Thursday, April 02, 2009

Tips on Sin from the World's Worst Catholic

I know from sin. On my journey from I love Jesus to bad thoughts, bad thoughts, bad thoughts to hey, wait a second to that can't possibly be right I learned a few things about good, evil and how to tell the difference between the two. Now Catholicism is probably not the best religion for an obsessive-compulsive guy like me. I didn't have a lot of down time between the hand washing and the obsessing about bad thoughts. Very uncomfortable. If it wasn't germs, it was sin or some combination of the two. Since I didn't have the equipment or the opportunity to do any real sinning I had to settle for struggling with internal blasphemies which was as close as I could come to mortal sinning. Timing was crucial since I didn't want to carry around a mortal sin the entire week. If I died before Saturday Confession, it was straight to hell. There was some talk about if you were really sorry and a Confessional wasn't available and you happened to die you would be forgiven. But that sounded kind of Protestanty. Lucky bastards.

If I recall correctly, your soul looks like like a hot water bottle. It starts out pure and white, becomes spotted like a Holstein when you unavoidably commit the venial (not too bad) sins during the week, and turns jet black when you commit a mortal (or bad) sin (all it takes is one). If you die with a jet black water bottle you go straight to hell. Sister Mary Joseph explained it like this: Think of the worst pain you ever felt, imagine it was a hundred times worse, imagine it went on forever and ever. That's hell. You don't want that. No Sister, we don't. If you die with a spotted water bottle you go to Purgatory. Sister Mary Joseph explained it like this: Think of the worst pain you ever felt, now multiply it by ten times, imagine you eventually get out when you have suffered enough to pay for your sins. You don't really want that either. No Sister, we don't. If you die with a white water bottle you go straight to heaven. Sister Mary Joseph explained it like this: Imagine being in a beautiful hall with all the angels and Saints, all worshipping God all day long forever and ever. I didn't tell her but I didn't want that, either. Limbo, where the unbaptized babies and ethical pagans go, sounded good to me. Floating throughout all eternity in a state of total contentment without having to bother with all the singing and worshipping. Limbo has since been removed from church doctrine. I don't know if it was never there or just closed for business. I refuse to accept that.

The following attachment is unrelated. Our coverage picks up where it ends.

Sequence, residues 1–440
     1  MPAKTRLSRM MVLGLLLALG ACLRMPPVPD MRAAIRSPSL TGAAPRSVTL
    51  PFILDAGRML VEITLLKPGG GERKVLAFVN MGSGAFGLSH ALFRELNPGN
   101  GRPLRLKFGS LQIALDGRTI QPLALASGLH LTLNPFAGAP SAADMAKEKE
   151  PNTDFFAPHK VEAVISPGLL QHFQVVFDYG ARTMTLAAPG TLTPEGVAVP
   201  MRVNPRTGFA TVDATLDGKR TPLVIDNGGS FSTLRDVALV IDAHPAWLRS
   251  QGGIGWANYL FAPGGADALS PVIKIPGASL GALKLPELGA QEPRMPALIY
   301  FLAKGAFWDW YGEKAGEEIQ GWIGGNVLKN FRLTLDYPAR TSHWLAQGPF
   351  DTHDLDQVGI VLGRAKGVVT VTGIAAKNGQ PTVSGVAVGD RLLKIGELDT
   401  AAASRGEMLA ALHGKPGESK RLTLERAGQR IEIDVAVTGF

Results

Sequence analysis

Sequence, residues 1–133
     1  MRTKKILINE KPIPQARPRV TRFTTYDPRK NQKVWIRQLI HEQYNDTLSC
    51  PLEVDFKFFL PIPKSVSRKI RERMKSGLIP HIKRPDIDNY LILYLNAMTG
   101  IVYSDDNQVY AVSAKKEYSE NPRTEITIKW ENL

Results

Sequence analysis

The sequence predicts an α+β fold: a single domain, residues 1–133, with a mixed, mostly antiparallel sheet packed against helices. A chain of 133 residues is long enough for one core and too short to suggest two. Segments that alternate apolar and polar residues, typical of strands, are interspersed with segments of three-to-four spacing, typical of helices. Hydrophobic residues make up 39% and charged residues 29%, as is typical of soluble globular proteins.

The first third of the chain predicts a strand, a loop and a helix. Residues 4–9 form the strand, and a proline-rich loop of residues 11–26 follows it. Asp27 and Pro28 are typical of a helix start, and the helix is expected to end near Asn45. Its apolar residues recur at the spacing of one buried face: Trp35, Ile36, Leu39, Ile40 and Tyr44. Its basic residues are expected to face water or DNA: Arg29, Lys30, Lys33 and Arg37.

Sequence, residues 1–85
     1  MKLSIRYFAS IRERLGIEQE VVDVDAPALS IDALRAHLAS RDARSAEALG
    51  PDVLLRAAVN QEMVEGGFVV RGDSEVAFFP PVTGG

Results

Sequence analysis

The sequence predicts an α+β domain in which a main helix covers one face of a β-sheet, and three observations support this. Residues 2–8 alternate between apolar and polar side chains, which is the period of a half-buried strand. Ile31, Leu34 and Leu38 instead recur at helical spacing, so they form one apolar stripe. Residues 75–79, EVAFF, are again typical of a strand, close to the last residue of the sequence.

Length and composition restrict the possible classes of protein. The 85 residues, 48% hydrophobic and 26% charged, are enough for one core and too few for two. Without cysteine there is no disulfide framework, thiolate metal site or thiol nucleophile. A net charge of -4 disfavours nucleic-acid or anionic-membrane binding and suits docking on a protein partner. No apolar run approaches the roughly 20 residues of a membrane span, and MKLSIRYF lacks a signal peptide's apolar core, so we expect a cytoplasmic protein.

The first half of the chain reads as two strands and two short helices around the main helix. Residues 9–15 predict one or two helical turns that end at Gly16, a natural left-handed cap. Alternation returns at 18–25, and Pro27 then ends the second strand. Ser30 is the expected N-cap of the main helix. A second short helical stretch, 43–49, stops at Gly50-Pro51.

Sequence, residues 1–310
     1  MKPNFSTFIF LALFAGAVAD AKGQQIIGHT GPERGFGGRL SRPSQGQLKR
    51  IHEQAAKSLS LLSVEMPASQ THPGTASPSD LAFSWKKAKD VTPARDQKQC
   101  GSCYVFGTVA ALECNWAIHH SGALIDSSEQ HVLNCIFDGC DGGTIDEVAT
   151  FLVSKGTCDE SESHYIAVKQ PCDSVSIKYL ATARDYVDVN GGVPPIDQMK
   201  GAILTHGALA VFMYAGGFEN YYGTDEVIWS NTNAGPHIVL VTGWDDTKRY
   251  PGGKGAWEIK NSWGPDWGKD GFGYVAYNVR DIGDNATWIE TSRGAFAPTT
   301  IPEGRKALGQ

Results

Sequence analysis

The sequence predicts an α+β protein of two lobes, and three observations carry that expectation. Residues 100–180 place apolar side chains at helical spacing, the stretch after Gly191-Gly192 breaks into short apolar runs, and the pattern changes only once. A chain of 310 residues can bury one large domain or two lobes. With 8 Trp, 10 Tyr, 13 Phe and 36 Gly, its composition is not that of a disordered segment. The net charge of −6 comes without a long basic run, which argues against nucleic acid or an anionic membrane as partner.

Limbo update:

"the theory of limbo, understood as a state which includes the souls of infants who die subject to original sin and without baptism, and who, therefore, neither merit the beatific vision, nor yet are subjected to any punishment, because they are not guilty of any personal sin. This theory, elaborated by theologians beginning in the Middle Ages, never entered into the dogmatic definitions of the Magisterium, even if that same Magisterium did at times mention the theory in its ordinary teaching up until the Second Vatican Council. It remains therefore a possible theological hypothesis"

So I was wrong (again) but whatever the Church's position ends up being, I'm pretty sure I no longer qualify for Limbo entry. Thanks Mom and Dad.


  1. Anonymous9:17 PM


    Isn't limbo where you try to dance under a
    stick to Peanuts Taylor records?

  2. Anonymous6:09 AM

    According to standard pre-Vatican II theology a pagan adult excused on the grounds of ignorance may be saved if he possesses perfect contrition accompanied by implicit baptism of desire, and does not go to Limbo because he in fact has a chance of heaven. People went to the Limbo of the Fathers before Christ died but after the ascension everyone in the Limbo of the Fathers went up to heaven. At present the Limbo of the Children (where unbaptised babies go) still exists but the Limbo of the Fathers does not.


  3. Anonymous6:17 AM

    Another comment:

    Re: the happiness of heaven. St. Robert Bellarmine answers the objection that praising God in heaven would be very burdensome by saying IIRC that the praise of God in heaven is an expression of the joy of the blessed.